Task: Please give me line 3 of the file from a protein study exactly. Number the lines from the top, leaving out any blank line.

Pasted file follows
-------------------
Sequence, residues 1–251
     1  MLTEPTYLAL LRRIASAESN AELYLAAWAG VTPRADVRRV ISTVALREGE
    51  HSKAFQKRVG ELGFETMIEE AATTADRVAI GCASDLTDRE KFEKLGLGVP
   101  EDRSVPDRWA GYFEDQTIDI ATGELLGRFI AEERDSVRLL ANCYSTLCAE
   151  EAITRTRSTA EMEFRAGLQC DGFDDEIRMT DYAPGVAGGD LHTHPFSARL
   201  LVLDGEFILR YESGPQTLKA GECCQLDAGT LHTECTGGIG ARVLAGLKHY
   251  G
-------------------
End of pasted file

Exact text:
    51  HSKAFQKRVG ELGFETMIEE AATTADRVAI GCASDLTDRE KFEKLGLGVP